Optical Sizes in Typography
Typefaces are usually made with a specific set of parameters in mind: how will it be used, within what medium, with ink or digital or both, and at what sizes? The best type creators get as specific as possible about those answers in order to formulate their best response. They create an answer to a problem we encounter often.
Optical sizes within a type family answer many of the questions about which circumstances require which weight of type. In printed material, many will use the book or regular weight for text and set it at around 10–13 points, depending on how they want it to look on the page. The smaller a text needs to be, the more oddities it will need to contain in order to be readable and to be recognized as belonging to a specific family.
Think of the caption weight of type. In order to still look like the text weight, the strokes need to be thicker, the serifs need to be more pronounced, and the little quirks that our mind recognizes as specific to that type family will need to be emphasized. But using the caption weight as text is quite jarring because the main thing we recognize is thicker, pronounced oddities not meant to be seen at larger sizes. It steals our attention. Matthew Carter’s Bell Centennial, for instance, works in phone books and where information is densely packed, but it is not elegant in headlines — not that it hasn’t been tried, it is just not elegant.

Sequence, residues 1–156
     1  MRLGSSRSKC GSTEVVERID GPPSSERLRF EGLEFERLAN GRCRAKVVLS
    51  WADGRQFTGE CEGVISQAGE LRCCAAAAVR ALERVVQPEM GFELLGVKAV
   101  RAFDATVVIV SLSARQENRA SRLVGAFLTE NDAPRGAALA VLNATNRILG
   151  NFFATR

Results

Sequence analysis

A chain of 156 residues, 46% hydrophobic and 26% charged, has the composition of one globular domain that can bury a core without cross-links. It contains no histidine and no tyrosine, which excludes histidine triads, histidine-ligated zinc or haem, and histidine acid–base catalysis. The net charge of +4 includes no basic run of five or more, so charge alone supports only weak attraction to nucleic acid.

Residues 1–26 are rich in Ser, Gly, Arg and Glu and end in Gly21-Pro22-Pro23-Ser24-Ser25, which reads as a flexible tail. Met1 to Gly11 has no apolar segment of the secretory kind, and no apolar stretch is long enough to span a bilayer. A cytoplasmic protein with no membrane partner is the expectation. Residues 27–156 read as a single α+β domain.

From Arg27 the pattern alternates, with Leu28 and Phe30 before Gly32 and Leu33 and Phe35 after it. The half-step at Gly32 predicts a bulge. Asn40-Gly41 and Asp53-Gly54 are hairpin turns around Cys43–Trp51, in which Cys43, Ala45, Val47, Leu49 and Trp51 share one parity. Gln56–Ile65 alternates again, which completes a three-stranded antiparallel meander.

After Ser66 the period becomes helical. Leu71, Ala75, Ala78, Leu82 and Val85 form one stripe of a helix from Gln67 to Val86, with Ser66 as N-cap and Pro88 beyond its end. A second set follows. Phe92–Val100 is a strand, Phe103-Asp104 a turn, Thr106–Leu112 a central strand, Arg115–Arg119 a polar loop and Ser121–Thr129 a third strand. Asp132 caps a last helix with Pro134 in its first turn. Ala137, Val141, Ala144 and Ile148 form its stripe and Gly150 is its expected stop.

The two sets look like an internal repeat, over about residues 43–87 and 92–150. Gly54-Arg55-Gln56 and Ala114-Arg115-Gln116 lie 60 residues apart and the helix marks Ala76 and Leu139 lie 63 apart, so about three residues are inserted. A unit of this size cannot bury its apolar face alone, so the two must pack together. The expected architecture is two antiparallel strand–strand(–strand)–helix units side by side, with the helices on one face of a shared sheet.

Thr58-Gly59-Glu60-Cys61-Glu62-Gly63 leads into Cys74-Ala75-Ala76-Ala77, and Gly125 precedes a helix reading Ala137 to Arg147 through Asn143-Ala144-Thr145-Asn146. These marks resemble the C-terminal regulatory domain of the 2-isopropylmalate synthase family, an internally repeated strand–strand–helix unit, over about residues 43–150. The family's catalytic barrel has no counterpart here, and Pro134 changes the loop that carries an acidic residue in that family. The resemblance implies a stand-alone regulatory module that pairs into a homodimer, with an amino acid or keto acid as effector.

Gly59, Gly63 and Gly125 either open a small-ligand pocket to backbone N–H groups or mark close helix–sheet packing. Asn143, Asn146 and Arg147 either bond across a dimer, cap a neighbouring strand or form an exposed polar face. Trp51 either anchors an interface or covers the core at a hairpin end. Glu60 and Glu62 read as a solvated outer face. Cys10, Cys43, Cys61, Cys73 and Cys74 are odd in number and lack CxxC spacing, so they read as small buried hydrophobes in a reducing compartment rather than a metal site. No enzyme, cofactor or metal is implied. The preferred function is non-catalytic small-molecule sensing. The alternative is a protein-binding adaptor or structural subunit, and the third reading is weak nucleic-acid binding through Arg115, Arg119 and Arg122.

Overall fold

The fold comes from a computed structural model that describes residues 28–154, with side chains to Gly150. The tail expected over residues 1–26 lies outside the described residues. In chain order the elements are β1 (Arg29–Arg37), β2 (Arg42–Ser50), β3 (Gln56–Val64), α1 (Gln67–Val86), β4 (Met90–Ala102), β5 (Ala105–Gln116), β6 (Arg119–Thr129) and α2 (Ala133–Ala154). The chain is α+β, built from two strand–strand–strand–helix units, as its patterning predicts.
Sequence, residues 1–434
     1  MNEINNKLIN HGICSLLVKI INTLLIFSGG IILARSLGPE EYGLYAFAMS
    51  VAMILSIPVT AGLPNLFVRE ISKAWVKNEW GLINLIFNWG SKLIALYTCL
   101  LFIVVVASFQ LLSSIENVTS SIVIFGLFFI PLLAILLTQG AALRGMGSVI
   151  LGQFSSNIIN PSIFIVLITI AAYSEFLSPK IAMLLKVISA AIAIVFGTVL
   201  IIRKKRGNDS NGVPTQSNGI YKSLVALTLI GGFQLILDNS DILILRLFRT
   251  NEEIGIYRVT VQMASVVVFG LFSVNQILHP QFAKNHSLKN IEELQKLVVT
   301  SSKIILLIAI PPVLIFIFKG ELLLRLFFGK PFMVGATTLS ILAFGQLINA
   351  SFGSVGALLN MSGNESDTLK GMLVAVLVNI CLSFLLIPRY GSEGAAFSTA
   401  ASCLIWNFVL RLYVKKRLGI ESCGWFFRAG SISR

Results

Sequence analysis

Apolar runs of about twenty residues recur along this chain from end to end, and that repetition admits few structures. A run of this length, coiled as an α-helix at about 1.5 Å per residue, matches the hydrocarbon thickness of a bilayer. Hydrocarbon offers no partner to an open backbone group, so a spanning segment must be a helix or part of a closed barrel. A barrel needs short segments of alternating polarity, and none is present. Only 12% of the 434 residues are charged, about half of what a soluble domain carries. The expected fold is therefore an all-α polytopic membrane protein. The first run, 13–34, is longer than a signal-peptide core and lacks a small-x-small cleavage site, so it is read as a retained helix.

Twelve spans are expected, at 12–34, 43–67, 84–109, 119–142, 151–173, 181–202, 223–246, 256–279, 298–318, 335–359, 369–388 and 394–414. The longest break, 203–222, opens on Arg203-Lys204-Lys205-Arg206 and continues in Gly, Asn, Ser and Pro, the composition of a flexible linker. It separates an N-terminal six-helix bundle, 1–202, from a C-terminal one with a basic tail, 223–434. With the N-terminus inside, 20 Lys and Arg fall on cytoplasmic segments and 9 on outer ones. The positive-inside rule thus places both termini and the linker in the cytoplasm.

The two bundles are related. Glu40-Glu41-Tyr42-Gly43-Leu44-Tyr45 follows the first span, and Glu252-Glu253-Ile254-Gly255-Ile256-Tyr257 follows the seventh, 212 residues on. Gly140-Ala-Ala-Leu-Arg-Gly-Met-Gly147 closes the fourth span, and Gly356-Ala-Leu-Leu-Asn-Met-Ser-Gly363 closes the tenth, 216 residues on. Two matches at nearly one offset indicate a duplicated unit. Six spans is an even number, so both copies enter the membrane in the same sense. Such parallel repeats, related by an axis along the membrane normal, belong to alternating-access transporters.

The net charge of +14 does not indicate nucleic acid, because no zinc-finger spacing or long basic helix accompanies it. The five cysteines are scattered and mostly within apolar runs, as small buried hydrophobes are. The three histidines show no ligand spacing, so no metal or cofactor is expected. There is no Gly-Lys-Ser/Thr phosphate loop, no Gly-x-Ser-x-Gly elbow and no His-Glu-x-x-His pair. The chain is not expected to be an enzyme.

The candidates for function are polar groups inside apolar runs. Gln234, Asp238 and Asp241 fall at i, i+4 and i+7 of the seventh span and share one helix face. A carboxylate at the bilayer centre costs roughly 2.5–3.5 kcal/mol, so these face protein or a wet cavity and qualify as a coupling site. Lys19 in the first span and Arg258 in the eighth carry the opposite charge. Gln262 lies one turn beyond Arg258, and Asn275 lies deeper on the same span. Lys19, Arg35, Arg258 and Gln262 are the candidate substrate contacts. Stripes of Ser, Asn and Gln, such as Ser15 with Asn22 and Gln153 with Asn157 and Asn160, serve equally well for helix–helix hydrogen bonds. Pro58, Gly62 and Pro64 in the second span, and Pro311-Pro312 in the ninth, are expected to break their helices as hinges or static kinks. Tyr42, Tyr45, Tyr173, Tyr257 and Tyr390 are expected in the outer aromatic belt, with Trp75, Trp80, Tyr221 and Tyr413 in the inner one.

Optical sizes — the changes made to a typeface’s structure to account for our perception at different sizes — is such a big deal that it has even been capitalized upon to create type families. Take Vendetta, for example, made by John Downer in 2006. Vendetta is based on the irregularities of a person’s handwriting. It tries to convince us that we are looking at something scribbled on paper rather than pixelated on a screen. Its oddities work in its favor at small sizes, but become quite pronounced as the size is increased.
Now, the Vendetta example is not a strict optical size example, but it demonstrates how and why choosing the correct weight matters. In fact, choosing the right weight for your purposes comes second only to choosing the right typeface. Using Vendetta for the movie Lemony Snicket’s A Series of Unfortunate Events was perfect — a human feel, but a bit creepy and a bit off. And mixing the regular with the italics for each name added to the tension. Bell Centennial probably would have failed at that job, but so would have Helvetica and Mrs. Eaves and Futura. Vendetta matched the tone of the title art without dumbing it down it to a cartoonish level unbecoming of the title sequence. Choosing to use a caption weight for text brings down the entire project to a level unfit for professional typographic needs.
So make sure that after you pick just the right typeface, the right weight is also chosen. Keep pursuing the excellence within your reach.